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Russia Profile
www.russiaprofile.org
February 3, 2009
Ignored in Translation
The Russian Media Increasingly Turns a Blind Eye to Major World Events

Comment by Shaun Walker

Ive been dealing with an incident in the past couple of weeks that leaves me amazed by the provincialism and bizarre attitudes of certain sections of the Russian media. A few months ago, I was asked to write a weekly blog for the Web site of the magazine Snob, the new project of Mikhail Prokhorov. Set up late last year, its an online club and an expensive monthly magazine aimed at rich Russians who arent afraid to be snobbish.

Of course, they couldnt have come up with a worse time to launch a self-congratulatory magazine aimed at the wealthy. But despite the timing and the obnoxious title, the huge amount of money invested in it meant that it managed to attract quite a bit of Russian journalistic talent and become a promising new magazine.

Two weeks ago, the day after Barack Obama was elected president, I picked up all the Russian papers, and was stunned to see that almost none of them had Barack Obama on their front page. With the exception of Novaya Gazeta, which featured a front page devoted to the murdered lawyer Stanislav Markelov and journalist Anastasia Baburova, none of them seemed to have much of an excuse. So, I wrote the following short blog entry:

Yesterday, by any standards, was a pretty earth-shattering day. Finally, George W. Bush is no longer the president of America. The eight years, during which the entire world has been completely changed most people would agree, for the worse are finally at an end. The first black man has entered the White House, and America has a new, interesting and dynamic leader, who promises to change the way that the world looks. Yesterday, millions of people in America and around the world watched his inauguration speech and heard how he wants to change America and the world for the better.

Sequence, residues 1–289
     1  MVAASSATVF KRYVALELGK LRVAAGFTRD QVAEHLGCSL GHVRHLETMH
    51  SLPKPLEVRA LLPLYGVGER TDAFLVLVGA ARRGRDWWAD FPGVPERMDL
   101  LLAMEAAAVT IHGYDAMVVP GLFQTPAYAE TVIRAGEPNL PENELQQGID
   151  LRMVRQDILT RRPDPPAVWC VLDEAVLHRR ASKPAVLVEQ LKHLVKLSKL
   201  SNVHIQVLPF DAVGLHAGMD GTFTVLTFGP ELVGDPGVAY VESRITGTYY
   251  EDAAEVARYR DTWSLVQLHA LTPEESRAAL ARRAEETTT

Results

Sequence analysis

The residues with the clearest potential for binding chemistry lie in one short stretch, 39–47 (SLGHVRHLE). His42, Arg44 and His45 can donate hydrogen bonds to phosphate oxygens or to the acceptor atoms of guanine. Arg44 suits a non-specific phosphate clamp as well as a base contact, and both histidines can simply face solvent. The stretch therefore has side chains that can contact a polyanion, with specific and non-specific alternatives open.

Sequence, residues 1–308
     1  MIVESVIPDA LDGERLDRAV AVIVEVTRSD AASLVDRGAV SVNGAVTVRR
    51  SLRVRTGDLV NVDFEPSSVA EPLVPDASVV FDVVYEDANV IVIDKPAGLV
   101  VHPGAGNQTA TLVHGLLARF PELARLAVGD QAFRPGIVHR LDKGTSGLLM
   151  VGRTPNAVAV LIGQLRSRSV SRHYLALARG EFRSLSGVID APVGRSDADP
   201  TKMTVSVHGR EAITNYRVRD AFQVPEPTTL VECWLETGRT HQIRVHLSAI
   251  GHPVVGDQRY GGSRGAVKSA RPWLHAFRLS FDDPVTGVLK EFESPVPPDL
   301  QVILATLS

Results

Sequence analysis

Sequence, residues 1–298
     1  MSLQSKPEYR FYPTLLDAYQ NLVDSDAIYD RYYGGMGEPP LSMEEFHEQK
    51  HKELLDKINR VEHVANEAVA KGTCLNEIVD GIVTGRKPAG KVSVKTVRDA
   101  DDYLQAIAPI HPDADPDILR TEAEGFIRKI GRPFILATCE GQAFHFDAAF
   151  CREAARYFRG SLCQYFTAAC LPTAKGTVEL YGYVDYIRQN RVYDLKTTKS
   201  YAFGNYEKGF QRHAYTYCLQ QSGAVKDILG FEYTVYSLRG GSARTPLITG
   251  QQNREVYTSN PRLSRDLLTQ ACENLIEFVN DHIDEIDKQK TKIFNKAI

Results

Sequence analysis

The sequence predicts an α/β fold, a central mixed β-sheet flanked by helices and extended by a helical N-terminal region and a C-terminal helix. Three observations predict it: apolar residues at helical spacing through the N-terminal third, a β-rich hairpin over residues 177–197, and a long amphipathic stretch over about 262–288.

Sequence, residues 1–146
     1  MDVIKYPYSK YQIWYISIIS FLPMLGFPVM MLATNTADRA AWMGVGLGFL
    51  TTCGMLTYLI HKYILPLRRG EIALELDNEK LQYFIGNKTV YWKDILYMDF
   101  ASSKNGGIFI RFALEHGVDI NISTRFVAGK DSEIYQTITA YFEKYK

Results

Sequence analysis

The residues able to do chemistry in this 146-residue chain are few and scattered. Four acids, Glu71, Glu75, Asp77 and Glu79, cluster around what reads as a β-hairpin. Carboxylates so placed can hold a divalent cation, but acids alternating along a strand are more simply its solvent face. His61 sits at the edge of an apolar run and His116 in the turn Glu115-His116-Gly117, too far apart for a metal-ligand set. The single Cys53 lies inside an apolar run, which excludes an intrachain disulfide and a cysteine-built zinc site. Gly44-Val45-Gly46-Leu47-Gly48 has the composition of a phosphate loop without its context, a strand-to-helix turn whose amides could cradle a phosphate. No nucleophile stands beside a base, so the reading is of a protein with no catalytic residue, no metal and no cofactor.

Maybe it will work, maybe it wont. But its pretty undeniable that his inauguration was a huge world news event, and was eagerly awaited by people across the planet.

This morning I picked up the Russian newspapers, as usual, and thought Id have a good read about the Russian perspective on this event. I looked at the front page of Kommersant, and... the main article is about the ruble exchange rate. There are three other articles on the front page one on Rosukrenergo, one on Oleg Deripaska, and one on a group of nationalists responsible for killings in Moscow. At the top there was a picture trailing a foreign news story its Viktor Yushchenko and Alexander Lukashenko, who met yesterday. Obama was relegated to the back page.

Now, I understand that Kommersant is a business paper, primarily. And mostly about Russia. But it always surprises me how little attention the Russian press pays to the Western world. The fact that Lukashenko and Yushchenko met on Monday is very interesting and of huge importance for this region, but is it really more interesting than a new U.S. president? And the fact that the ruble gained a few kopeks on the dollar is also surprising, but again, is there no sense of perspective?

With most of the other papers it was the same, though Vedomosti had a small picture of Obama and a small article midway down the front page. Why this total lack of interest in earth-shattering events abroad? Are intelligent Russians mired in provincialism or are they just getting their news about the West from other sources?

I thought this was a pretty measured blog entry, and I was genuinely interested to hear the responses of the readers. Id been told, after all, that the readers of Snob were all people who travelled widely, and probably spoke good English. Did they perhaps just use the Russian papers to get their information about Russia, and read their foreign news from Western sources? I looked forward to reading the responses. I understand that most Russian papers dont have the resources to have correspondents across the globe, but then that is what wire agencies are for. And with a huge event like Obamas inauguration, not having it on the front page seems like a conscious choice.

Later in the day, I got an email back from my editor at Snob. They werent going to publish the entry, she said, because her editor used to work for Kommersant and thinks that the paper has excellent coverage of world events, and my blog entry was nonsense. The magazine clearly has a very bizarre idea of what a blog should be like, and I wished the editor good luck in creating a fascinating Web site consisting only of blog entries that she agreed with.

But aside from the point that Snob is run by people who dont understand the concept of blogging or debate, it did leave me surprised that there was such a defensive response to the question of why the coverage of Obamas inauguration was so thinly covered here.

I hear endless complaints about Western coverage of Russia, and quite frankly many of them are justified. But perhaps Russians should also stop and think for a minute about Russian coverage of the West.